A few days ago, looking at the weather app on my iPhone, I noticed it was showing swirly lines for Thursday and Friday. “Windy,” the little legend read. Thursday and Friday were the days we planned to travel to the part of Oman that occupies the tip of the Musandam Peninsula. “Shouldn’t be a problem,” I thought. “What harm could wind do?”
I learned the answer to that question a little earlier this morning, after we arrived in Khasab (the Omani city that sits on the end of the peninsular tip). I had arranged for us to be driven to Khasab from the emirate of Sharjah, where we spent Wednesday afternoon and evening. Our Pakistani driver was adept, the road was smooth, and we arrived around 10 Thursday morning to find smoggy looking skies. It was dust, whipped up by the wind, not smog that clouded the air.
We were greeted by the manager of the guesthouse where we would be staying. Eldo, a native of the Indian city of Kerala, seemed tightly wound but conscientious and meticulous. I asked him when we needed to buy our tickets on the car ferry that sails between Khasab and Muscat. The boat only makes that trip once a week (every Saturday) and in fact I had pretty much planned our itinerary in order to be able to take it. The Lonely Planet Oman guidebook writers had rhapsodized about the experience of sailing into the Omani capital near sunset, and I’m not the sort to resist that kind of buildup.
Eldo agreed with what I had read about the ferry tickets — that you could buy them on the morning of one’s departure. But he said they would cost 20% more on Saturday, so we might as well secure them first thing. He drove us to the ticket office, and at the counter, the head-scarved lady agent announced that the wind had caused the ferry to be cancelled.
Eldo’s reaction when he heard this news was that it was a good thing we had learned this now. There was a once-daily flight from Khasab to Muscat. But many passengers (who already had bought their tickets) wouldn’t learn about the ferry cancellation until they showed up at the dock that morning. Then it would be impossible to make alternative plans.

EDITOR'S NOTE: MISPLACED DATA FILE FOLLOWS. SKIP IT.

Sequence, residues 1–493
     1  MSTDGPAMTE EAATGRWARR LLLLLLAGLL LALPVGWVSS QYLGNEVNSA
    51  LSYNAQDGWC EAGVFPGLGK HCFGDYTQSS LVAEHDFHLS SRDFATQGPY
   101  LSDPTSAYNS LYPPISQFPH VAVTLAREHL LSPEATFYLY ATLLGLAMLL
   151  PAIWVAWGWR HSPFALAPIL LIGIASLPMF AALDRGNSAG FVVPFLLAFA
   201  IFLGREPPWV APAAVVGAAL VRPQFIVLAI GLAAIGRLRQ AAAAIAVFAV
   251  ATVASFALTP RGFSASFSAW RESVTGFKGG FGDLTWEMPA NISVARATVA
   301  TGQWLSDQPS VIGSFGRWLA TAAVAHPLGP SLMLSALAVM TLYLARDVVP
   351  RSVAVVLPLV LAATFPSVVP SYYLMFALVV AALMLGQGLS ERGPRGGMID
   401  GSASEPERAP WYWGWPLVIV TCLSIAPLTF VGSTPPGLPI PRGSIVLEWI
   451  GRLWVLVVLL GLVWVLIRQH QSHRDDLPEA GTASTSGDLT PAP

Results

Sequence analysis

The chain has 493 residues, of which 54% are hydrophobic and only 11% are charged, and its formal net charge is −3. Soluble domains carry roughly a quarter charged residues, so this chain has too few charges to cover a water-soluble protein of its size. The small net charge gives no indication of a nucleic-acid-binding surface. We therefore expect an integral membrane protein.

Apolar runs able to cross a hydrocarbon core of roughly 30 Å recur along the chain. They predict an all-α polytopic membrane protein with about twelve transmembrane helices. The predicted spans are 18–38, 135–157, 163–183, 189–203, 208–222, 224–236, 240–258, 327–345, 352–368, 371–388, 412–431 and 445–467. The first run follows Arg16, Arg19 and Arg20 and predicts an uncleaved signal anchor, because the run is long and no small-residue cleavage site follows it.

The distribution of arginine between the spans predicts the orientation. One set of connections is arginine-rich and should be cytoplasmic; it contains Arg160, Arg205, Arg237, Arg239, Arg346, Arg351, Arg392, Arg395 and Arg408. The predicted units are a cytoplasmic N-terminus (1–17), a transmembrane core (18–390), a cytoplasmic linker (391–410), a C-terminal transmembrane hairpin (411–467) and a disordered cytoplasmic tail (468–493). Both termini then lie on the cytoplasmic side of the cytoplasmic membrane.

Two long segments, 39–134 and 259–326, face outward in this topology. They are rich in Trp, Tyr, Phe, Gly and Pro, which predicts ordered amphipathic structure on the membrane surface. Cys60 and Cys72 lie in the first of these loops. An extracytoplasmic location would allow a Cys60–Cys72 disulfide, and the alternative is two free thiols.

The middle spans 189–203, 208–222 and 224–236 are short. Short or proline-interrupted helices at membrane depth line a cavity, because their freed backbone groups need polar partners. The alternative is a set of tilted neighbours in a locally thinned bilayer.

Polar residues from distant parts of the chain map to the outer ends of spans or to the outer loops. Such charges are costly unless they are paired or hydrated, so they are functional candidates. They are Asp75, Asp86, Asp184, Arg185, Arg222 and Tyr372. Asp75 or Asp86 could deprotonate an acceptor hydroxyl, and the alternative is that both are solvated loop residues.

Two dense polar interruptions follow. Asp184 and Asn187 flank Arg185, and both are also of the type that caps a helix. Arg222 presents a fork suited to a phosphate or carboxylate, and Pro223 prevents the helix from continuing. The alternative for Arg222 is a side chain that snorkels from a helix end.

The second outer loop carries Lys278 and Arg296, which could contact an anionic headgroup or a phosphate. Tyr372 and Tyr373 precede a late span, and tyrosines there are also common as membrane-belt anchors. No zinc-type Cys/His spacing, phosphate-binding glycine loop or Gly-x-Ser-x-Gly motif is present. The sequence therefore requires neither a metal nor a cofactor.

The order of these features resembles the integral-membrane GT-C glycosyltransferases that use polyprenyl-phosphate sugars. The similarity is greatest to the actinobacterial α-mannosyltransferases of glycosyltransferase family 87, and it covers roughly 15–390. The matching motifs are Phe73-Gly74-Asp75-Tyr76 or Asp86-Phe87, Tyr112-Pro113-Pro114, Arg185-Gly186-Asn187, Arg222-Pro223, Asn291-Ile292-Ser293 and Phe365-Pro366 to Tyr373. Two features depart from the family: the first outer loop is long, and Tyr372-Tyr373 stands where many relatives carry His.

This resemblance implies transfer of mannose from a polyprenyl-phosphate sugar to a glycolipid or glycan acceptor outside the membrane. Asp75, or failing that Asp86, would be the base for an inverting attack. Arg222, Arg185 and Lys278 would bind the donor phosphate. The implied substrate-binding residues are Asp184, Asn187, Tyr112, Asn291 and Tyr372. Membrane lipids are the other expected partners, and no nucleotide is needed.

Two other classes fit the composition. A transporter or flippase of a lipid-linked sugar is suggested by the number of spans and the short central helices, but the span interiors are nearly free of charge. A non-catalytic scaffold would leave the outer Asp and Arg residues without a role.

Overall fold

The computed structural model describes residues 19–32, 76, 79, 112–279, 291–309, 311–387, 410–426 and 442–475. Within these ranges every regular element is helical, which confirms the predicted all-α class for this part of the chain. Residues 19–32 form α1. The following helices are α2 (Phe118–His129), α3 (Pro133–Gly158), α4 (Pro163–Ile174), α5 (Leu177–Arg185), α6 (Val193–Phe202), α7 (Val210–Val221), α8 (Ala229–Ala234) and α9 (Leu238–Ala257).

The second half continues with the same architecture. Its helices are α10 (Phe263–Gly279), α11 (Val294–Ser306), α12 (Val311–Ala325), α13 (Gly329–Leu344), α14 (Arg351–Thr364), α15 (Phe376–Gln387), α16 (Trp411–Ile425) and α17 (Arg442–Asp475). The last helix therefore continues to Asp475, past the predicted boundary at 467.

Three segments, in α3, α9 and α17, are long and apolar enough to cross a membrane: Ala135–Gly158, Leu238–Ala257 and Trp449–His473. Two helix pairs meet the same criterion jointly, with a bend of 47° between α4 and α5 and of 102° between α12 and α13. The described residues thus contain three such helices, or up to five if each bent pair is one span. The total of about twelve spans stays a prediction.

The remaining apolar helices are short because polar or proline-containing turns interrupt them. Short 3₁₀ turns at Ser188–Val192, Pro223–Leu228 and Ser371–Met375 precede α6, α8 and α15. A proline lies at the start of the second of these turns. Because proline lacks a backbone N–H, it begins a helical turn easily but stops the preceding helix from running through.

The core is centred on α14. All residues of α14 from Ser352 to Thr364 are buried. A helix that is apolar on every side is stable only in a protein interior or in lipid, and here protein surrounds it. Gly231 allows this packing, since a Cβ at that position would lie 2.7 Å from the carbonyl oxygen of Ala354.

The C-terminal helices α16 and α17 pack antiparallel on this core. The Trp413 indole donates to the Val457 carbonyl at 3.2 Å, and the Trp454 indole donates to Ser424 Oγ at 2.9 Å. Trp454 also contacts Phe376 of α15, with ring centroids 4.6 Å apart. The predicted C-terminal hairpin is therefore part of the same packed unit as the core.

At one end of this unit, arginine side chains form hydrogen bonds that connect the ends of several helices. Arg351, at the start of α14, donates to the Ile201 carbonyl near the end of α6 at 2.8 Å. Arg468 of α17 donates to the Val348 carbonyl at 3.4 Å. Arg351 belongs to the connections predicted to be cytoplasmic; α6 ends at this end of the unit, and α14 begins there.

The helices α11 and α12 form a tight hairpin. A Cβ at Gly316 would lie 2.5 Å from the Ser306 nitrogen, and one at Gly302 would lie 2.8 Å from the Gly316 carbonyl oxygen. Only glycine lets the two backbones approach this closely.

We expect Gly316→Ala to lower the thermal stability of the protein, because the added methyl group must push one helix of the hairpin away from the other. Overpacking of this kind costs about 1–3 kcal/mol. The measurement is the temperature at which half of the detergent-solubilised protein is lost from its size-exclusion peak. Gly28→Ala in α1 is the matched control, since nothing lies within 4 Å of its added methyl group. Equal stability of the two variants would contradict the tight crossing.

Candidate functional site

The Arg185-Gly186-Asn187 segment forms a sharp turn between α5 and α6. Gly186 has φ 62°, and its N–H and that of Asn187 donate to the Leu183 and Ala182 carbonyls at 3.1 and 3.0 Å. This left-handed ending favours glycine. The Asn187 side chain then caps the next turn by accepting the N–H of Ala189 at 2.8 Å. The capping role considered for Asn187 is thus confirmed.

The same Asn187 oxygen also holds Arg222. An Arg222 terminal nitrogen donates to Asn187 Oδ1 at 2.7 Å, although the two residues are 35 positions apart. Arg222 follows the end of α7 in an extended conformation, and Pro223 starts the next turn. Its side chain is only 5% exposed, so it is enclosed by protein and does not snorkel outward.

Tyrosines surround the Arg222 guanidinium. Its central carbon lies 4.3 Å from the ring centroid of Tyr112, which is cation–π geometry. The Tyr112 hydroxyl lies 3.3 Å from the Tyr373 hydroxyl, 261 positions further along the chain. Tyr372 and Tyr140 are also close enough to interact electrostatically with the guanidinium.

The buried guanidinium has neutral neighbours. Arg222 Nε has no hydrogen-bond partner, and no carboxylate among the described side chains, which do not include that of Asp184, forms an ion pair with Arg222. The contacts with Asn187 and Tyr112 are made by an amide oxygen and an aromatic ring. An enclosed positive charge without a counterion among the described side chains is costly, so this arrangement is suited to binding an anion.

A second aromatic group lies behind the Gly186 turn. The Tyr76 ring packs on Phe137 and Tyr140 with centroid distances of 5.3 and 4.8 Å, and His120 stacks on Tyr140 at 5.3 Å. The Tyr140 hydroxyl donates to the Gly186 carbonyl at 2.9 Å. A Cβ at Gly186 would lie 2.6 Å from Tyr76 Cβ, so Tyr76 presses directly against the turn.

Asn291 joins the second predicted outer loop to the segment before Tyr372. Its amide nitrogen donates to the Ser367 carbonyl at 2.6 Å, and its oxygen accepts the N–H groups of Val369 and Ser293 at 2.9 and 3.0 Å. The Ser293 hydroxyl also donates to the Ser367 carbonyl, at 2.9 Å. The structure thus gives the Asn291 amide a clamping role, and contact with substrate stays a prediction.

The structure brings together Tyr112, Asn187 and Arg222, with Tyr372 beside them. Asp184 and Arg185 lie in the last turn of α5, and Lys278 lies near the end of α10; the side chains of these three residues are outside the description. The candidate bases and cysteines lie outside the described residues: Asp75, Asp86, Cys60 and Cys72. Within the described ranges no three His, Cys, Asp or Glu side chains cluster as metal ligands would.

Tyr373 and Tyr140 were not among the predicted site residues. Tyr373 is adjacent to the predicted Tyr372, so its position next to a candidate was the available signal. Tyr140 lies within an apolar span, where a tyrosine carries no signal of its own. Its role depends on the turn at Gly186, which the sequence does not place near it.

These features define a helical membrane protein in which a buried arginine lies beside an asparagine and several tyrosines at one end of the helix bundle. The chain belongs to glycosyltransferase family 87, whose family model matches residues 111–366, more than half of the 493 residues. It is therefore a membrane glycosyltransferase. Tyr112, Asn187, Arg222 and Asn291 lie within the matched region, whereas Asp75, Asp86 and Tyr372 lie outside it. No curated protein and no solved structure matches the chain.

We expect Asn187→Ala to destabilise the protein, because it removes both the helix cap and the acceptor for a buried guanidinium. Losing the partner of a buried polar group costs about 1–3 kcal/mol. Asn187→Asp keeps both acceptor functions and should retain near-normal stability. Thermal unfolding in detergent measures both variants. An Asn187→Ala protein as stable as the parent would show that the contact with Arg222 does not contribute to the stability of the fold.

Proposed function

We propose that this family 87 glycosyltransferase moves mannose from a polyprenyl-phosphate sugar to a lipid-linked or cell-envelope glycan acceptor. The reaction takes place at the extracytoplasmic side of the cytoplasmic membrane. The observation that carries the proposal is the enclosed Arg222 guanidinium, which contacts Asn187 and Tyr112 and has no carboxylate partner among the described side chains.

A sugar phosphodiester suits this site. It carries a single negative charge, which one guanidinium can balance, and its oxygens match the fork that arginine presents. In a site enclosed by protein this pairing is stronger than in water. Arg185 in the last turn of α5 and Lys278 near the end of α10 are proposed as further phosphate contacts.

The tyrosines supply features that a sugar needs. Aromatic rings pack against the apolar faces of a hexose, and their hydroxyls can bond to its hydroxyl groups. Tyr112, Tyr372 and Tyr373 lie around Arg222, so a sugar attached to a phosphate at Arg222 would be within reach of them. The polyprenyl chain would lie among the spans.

He seemed quite jaunty until, in two different travel agencies, we discovered that the single flight on Saturday was already sold out. Long discussions of various alternatives ensued (all conducted in some Indian language spoken by Eldo and the travel agents). What we have settled on is to hire a local guy to drive us Saturday to Muscat, a journey that they say should take about 7 hours. This will cost more than first-class tickets on the ferry but less than it would to schlep back to Dubai and fly to Muscat from there at this late hour. Plus we’ll also get to see a lot more of the Omani countryside than we would have from the water.
With that beginning to our travels in Oman, I was a little worried that the wind might somehow sabotage our plans for the afternoon: a drive into the rugged mountains that tumble down to the sea here. But it didn’t. First our driver climbed a winding dirt road up to a viewpoint overlooking one of the breathtaking local fjords.
We descended that hair-raising byway then churned our way deep into rugged, sun-blasted warrens where almost nothing grew. Our destination was Jebel Harim, the mountain where local women once hid from marauding Persians while their men were off on trading missions. We climbed and climbed, marveling at the mangled, blasted landscape. Halfway up, we passed a surprising valley, filled with green fields fed by the mountain streams.
But we quickly returned to a vertiginous moonscape.
Just short of a mile high, our driver stopped the car, got out and showed us fossils of fish and seashells clearly preserved in the rock, remnants of an ancient seabed.
How many million years had it taken for the earth to squeeze and elevate them to this spot today? I have to say, the thought helped me put our ferry’s cancelation in perspective.
We’ve also been assured that the wind should not jeopardize our plan for tomorrow — a day-long sail through one of the fjords. I will report on that, but I may not be able to post what I write until we reach Muscat. Our phones have no access to the Internet here, and even wi-fi is scarce. But to put that in perspective, Steve read me this afternoon that as recently as 1970, in all of Oman, you could find only six miles of paved road, only two elementary schools, and not a single high school. So I can hardly complain about the lack of touristic amenities; it feels pretty marvelous to be here at all.
Sounds incredibly fascinating. What wonderful adventures you’ve had. We’ll look forward to
your next report. Be safe and have fun!